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'Love and Sympathy in Theravada Buddhism' discusses the context and contents of the Theravada teachings on love, sympathy, and the collective meditative set of four sublime attitudes (brahmavihara) - universal love, compassion, sypathetic joy, and equanimity. The presentation is based upon the first four of the five collections of Buddha's discourses, a stylistically homogenous compilation of the earliest strata of Theravada scripture complied before 350 B.C. After discussing the Pali material relavant to these topics in the first five chapters of this work, the author includes a detailed examination and critiques of their position in Chapter Six. His concern is with the motives to social action as well as the psychological and soteriological import of the Theravada teachings on love, sypathy, and the sblime attitudes. Only through seeing these facets can the unique vision of Theravada Buddhism be appreciated.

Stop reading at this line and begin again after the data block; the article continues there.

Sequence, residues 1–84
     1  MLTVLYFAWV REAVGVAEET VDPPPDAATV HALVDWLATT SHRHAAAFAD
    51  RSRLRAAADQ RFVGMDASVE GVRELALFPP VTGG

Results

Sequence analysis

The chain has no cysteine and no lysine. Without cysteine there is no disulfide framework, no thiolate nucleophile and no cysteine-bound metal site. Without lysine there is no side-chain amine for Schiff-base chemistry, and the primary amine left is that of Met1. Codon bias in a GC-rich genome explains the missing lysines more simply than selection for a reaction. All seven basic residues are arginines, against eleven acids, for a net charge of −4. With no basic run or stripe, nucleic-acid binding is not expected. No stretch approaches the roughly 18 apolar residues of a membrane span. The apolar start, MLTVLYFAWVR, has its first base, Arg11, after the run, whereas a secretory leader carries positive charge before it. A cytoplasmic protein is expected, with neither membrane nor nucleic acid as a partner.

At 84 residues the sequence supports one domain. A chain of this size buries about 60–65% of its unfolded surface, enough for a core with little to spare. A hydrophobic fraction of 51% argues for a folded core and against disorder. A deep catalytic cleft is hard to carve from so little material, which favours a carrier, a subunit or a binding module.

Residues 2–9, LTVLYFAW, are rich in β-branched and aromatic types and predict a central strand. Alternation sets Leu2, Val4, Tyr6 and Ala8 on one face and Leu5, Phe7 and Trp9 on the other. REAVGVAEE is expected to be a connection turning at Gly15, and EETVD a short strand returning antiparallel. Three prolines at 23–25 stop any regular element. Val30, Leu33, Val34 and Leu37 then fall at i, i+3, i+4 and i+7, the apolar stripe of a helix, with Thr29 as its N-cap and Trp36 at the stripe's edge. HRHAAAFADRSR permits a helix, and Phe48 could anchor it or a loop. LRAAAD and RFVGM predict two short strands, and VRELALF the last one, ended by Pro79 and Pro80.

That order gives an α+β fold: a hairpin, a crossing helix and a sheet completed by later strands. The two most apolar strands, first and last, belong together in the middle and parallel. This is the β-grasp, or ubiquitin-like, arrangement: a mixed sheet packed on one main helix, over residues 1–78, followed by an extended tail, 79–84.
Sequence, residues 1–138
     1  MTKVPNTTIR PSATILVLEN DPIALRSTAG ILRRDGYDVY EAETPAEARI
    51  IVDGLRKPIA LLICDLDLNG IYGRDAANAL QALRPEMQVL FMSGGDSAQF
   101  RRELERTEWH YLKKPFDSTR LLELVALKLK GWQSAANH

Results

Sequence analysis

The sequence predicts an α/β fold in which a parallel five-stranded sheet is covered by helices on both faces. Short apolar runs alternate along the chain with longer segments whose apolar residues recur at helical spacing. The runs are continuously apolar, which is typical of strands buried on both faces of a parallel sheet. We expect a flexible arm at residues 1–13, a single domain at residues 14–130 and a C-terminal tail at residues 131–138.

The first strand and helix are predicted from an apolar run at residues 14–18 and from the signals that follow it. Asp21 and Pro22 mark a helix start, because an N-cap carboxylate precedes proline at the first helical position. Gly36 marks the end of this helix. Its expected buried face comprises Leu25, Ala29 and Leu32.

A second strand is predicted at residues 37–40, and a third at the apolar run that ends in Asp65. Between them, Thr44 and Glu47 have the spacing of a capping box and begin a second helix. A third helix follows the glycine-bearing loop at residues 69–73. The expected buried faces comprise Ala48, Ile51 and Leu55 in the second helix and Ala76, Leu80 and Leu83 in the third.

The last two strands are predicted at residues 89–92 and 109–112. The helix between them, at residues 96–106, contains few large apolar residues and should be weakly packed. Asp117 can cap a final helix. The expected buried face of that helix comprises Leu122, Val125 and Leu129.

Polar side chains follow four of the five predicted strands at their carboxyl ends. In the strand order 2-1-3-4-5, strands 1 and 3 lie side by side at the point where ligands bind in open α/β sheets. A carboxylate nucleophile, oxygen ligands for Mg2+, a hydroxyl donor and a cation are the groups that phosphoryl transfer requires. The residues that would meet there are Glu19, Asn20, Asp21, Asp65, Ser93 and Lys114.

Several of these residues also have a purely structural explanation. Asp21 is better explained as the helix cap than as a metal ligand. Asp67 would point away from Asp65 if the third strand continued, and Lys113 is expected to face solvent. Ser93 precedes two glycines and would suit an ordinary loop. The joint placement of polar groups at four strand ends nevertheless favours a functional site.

From synopsis: While recent books dealing with Buddhist meditation have focused on either the Zen or Theravada tradition, this volume discusses meditation within both traditions, employing classical texts with explanatory commentary and contemporary exposition. The reader also leans exactly what happened at the experimental workshop and how the participants responded.